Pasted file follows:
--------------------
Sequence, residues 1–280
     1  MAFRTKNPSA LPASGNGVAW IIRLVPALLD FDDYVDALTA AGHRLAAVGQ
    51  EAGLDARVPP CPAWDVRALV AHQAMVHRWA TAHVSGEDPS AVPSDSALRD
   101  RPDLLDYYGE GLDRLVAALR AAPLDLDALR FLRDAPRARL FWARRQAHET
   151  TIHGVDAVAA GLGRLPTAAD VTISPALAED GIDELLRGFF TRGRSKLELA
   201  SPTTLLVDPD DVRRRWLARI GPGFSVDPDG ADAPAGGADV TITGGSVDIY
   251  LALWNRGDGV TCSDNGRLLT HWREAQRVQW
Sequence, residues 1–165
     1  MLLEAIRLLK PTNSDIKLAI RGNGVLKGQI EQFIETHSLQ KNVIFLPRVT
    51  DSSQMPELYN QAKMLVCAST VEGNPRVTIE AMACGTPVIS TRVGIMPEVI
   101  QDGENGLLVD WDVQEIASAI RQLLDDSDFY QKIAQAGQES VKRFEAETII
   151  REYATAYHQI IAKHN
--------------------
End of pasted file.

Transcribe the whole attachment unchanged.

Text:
Sequence, residues 1–280
     1  MAFRTKNPSA LPASGNGVAW IIRLVPALLD FDDYVDALTA AGHRLAAVGQ
    51  EAGLDARVPP CPAWDVRALV AHQAMVHRWA TAHVSGEDPS AVPSDSALRD
   101  RPDLLDYYGE GLDRLVAALR AAPLDLDALR FLRDAPRARL FWARRQAHET
   151  TIHGVDAVAA GLGRLPTAAD VTISPALAED GIDELLRGFF TRGRSKLELA
   201  SPTTLLVDPD DVRRRWLARI GPGFSVDPDG ADAPAGGADV TITGGSVDIY
   251  LALWNRGDGV TCSDNGRLLT HWREAQRVQW
Sequence, residues 1–165
     1  MLLEAIRLLK PTNSDIKLAI RGNGVLKGQI EQFIETHSLQ KNVIFLPRVT
    51  DSSQMPELYN QAKMLVCAST VEGNPRVTIE AMACGTPVIS TRVGIMPEVI
   101  QDGENGLLVD WDVQEIASAI RQLLDDSDFY QKIAQAGQES VKRFEAETII
   151  REYATAYHQI IAKHN